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Nokia Enters the Smartbook Race, Reveals the N900

It’s really Nokia’s week for new gizmos–first the news of its first netbook, and now it’s pulled the veil from the N900, a high-end Linux-powered touchscreen device. It’s basically a smartbook–the device that could supersede the smartphone.

It’s really Nokia’s week for new gizmos–first the news of its first netbook, and now it’s pulled the veil from the N900, a high-end Linux-powered touchscreen device. It’s basically a smartbook–the device that could supersede the smartphone.

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Any doubts about the smartbook label should be dispelled by Nokia’s tagline on the device’s press release: “Computer-grade performance in a handset.” Apple’s been basically banging that drum about the iPhone since its launch, and even used it for a reason why it wasn’t entering the netbook market. Now it looks like Nokia’s trying to really compete on the same basis.

The N900 is an evolution from Nokia’s previous Internet tablets, but it’s ditched the Symbian OS that Nokia holds close to its heart for the new Maemo 5 O.S., which has a Linux core in a Nokia wrapper. In terms of pure technology, the N900 has an ARM Cortex-A8 CPU, 1GB of application memory from its 32GB of built-in storage with microSD expansion, 3G HSPA and WLAN connectivity, a full QWERTY slide-out keyboard, a 5-megapixel camera with Carl Zeiss lens, dual LED flash, GPS geotagging, and a WVGA touchscreen.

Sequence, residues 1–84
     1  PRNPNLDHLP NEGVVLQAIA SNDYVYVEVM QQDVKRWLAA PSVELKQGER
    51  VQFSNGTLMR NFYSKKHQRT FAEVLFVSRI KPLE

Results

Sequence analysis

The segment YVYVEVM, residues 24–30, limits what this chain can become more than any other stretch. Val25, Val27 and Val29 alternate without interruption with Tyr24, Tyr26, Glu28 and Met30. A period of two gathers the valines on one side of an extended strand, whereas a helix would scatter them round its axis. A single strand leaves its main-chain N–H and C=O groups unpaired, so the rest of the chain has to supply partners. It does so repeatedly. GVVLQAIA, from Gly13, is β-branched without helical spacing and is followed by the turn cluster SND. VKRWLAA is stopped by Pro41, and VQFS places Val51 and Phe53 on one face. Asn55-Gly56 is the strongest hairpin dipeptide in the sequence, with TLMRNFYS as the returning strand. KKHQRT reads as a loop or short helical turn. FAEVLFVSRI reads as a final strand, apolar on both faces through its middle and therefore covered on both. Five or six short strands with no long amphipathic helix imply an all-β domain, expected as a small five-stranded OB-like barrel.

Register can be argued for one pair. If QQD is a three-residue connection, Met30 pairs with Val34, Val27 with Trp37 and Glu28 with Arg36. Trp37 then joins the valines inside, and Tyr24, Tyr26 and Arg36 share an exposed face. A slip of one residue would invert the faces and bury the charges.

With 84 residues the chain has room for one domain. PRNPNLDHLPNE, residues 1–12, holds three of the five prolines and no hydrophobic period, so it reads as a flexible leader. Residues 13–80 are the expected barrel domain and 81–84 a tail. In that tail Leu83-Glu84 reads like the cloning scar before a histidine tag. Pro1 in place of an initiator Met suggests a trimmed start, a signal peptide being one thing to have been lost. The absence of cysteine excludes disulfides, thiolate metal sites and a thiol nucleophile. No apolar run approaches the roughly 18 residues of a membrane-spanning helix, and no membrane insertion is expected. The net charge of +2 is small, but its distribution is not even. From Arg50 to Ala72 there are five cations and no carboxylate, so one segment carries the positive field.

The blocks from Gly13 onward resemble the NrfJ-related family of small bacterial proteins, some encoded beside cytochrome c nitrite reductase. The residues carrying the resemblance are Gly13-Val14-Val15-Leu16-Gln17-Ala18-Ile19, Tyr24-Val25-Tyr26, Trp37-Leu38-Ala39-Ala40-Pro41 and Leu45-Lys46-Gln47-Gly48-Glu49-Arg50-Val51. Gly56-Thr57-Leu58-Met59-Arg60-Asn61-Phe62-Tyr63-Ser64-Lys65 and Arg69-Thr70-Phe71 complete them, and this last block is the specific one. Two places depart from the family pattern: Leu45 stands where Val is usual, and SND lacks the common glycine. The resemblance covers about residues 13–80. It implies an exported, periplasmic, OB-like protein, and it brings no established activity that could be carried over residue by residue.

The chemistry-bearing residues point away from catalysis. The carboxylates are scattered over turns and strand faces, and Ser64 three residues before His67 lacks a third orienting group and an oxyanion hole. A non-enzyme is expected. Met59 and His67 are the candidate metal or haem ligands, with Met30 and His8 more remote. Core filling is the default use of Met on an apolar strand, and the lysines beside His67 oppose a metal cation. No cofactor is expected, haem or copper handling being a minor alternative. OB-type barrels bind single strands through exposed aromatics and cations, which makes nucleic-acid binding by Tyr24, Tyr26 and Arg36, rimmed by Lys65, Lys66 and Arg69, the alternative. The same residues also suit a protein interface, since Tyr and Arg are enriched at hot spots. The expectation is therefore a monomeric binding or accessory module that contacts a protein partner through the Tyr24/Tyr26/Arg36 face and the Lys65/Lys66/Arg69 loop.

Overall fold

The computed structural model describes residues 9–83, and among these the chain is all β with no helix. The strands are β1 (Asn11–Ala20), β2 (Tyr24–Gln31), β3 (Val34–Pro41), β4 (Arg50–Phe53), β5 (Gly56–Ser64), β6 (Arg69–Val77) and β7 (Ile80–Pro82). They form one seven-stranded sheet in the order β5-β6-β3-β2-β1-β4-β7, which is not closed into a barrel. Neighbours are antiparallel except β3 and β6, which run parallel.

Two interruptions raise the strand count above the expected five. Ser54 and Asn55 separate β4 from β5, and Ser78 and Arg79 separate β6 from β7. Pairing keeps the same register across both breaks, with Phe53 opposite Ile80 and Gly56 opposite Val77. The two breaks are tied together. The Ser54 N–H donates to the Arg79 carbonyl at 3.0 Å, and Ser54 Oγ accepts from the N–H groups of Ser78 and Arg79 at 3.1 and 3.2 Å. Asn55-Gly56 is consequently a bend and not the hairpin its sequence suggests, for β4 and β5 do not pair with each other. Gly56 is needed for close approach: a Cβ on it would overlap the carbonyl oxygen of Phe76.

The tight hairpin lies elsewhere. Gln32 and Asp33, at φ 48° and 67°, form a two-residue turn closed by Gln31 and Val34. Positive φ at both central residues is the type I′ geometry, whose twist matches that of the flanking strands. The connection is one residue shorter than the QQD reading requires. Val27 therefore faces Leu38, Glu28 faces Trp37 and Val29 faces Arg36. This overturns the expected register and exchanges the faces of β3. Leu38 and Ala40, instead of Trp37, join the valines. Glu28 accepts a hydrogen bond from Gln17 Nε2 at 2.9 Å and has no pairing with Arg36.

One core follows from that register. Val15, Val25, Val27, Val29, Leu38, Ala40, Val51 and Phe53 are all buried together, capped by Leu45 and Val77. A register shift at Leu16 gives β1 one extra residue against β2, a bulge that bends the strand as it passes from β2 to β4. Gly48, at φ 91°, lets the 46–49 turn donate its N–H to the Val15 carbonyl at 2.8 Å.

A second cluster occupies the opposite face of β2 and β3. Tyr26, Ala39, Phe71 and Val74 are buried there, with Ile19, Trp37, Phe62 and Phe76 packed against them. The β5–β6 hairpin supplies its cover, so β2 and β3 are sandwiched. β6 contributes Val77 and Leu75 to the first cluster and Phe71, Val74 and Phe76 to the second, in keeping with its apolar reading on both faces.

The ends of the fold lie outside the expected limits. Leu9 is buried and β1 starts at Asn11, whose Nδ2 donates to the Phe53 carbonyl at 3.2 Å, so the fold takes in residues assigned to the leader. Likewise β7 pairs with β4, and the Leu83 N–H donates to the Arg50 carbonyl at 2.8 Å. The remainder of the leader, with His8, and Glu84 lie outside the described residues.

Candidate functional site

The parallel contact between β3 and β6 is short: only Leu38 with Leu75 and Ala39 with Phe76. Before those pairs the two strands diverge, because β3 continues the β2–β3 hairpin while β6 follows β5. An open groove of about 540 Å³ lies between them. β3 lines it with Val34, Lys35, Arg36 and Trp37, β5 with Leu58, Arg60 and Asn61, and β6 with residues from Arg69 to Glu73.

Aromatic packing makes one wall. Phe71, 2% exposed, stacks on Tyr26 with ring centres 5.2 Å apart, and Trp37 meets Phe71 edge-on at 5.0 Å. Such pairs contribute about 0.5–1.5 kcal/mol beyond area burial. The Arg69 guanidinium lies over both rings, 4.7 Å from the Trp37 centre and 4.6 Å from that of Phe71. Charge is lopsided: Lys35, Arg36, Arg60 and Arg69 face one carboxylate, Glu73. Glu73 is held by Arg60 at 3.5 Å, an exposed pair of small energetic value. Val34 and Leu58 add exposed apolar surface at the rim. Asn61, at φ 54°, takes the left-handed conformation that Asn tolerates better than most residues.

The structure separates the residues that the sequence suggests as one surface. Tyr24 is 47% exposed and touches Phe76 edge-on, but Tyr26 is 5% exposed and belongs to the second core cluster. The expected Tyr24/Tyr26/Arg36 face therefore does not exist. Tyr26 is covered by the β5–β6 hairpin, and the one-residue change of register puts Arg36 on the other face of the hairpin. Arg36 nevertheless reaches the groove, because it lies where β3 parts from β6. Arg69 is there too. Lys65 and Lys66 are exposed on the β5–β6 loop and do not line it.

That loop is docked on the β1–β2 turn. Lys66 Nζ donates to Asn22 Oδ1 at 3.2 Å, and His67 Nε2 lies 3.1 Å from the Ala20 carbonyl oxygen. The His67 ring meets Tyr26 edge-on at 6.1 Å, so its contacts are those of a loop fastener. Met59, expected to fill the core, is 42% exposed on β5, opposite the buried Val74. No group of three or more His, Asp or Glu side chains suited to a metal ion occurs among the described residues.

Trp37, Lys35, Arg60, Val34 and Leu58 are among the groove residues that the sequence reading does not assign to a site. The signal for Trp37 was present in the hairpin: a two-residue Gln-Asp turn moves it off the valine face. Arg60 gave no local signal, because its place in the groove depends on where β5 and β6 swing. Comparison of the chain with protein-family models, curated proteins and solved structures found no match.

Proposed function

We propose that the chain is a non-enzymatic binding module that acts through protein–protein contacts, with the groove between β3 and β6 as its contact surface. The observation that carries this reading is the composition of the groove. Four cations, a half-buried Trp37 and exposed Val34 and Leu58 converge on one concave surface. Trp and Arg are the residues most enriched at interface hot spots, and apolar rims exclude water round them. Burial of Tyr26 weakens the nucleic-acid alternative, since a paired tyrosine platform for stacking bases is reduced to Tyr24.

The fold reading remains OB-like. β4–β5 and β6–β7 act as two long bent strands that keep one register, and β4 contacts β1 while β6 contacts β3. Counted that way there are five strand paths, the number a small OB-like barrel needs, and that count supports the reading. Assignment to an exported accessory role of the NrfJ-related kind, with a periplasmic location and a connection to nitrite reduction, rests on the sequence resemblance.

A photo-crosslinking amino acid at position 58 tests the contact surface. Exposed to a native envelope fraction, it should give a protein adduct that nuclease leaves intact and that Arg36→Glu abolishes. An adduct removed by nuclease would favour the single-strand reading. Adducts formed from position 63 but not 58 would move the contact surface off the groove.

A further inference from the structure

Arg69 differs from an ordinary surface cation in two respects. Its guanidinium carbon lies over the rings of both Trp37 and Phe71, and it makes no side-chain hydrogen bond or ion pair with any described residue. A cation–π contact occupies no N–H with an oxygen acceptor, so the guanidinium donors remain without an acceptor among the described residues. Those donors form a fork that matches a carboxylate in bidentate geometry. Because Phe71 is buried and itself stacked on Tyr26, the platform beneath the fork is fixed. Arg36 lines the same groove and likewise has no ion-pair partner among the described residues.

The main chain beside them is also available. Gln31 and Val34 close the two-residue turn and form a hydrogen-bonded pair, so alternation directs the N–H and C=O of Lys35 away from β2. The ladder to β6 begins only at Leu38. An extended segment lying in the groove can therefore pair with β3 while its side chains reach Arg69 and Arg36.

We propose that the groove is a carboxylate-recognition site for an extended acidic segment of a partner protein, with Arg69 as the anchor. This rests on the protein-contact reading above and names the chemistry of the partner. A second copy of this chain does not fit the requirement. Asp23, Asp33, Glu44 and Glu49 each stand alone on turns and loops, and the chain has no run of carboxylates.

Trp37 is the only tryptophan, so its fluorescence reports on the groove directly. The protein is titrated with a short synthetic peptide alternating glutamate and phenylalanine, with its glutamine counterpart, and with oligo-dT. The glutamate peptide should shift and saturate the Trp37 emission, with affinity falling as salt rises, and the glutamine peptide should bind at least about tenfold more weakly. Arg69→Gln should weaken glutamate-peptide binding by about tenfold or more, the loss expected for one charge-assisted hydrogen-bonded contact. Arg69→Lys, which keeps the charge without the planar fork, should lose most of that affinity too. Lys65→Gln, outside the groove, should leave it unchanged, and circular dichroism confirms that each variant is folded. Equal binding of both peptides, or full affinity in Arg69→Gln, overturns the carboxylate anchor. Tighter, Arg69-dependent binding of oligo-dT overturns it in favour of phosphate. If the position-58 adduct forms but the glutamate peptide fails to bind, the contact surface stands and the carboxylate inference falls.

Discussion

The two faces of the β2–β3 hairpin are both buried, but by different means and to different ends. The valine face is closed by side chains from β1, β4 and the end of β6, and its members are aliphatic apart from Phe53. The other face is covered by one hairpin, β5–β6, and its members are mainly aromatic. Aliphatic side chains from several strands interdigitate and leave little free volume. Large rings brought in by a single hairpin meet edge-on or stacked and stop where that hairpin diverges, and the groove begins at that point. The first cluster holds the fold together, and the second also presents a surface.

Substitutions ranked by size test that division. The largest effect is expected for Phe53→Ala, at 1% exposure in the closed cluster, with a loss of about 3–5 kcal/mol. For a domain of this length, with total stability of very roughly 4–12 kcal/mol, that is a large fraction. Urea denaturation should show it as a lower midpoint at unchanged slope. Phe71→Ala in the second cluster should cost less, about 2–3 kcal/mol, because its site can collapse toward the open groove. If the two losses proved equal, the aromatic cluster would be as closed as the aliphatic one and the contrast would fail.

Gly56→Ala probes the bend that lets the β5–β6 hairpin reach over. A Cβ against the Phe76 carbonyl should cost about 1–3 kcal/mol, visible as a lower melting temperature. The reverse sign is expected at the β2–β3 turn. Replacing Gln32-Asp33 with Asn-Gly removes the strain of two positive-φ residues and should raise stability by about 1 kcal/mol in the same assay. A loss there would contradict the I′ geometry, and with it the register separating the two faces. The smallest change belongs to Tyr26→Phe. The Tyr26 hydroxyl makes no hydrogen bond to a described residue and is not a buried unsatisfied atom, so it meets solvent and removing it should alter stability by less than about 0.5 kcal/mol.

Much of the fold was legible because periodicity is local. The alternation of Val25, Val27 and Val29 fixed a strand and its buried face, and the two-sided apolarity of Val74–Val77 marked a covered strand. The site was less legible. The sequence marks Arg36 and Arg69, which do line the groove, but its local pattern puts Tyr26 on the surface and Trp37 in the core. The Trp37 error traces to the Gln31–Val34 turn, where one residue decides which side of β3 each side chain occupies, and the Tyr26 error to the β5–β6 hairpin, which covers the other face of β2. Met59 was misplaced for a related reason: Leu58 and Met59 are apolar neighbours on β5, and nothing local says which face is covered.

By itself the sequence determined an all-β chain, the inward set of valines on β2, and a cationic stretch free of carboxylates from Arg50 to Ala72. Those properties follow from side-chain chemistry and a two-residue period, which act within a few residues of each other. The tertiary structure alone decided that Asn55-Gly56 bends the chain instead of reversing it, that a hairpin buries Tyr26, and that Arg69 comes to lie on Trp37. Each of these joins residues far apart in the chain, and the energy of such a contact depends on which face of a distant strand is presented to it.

One interesting thing is how Nokia’s really pressing the advantages the N900 has over the iPhone–the press release also makes reference to “full Adobe Flash 9.4 support” and “PC-like multitasking, allowing many applications to run simultaneously. Those are two direct shots at Apple’s smartphone which can currently do neither of those things. But the “panoramic homescreen” which can “be fully personalized with favourite shortcuts, widgets and applications” is basically an iPhone-aping feature.

Nokia, despite being the world’s biggest cell-phone maker, was caught sleeping by the revolutionary iPhone and its success, and it really seems that the N900 is its first serious attempt at competing with the device. It’s even pretty close to matching the iPhone in size at 110.9 by 59.8 by 19 mm versus the iPhone’s 112 by 62.1 by 12.3 mm–though that does make us wonder: With the sliding keyboard taking up room in the chassis, there’s not much room for a big battery. And with full Flash support, multitasking and LED lights for the camera, is the N900’s battery going to be its achilles heel?

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